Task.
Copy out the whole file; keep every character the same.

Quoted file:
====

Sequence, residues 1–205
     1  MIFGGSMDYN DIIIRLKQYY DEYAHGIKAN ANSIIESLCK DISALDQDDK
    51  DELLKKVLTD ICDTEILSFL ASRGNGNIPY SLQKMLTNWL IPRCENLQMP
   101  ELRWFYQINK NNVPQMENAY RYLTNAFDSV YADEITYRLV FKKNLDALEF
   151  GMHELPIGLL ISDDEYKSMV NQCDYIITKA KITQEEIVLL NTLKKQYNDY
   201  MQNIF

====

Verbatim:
Sequence, residues 1–205
     1  MIFGGSMDYN DIIIRLKQYY DEYAHGIKAN ANSIIESLCK DISALDQDDK
    51  DELLKKVLTD ICDTEILSFL ASRGNGNIPY SLQKMLTNWL IPRCENLQMP
   101  ELRWFYQINK NNVPQMENAY RYLTNAFDSV YADEITYRLV FKKNLDALEF
   151  GMHELPIGLL ISDDEYKSMV NQCDYIITKA KITQEEIVLL NTLKKQYNDY
   201  MQNIF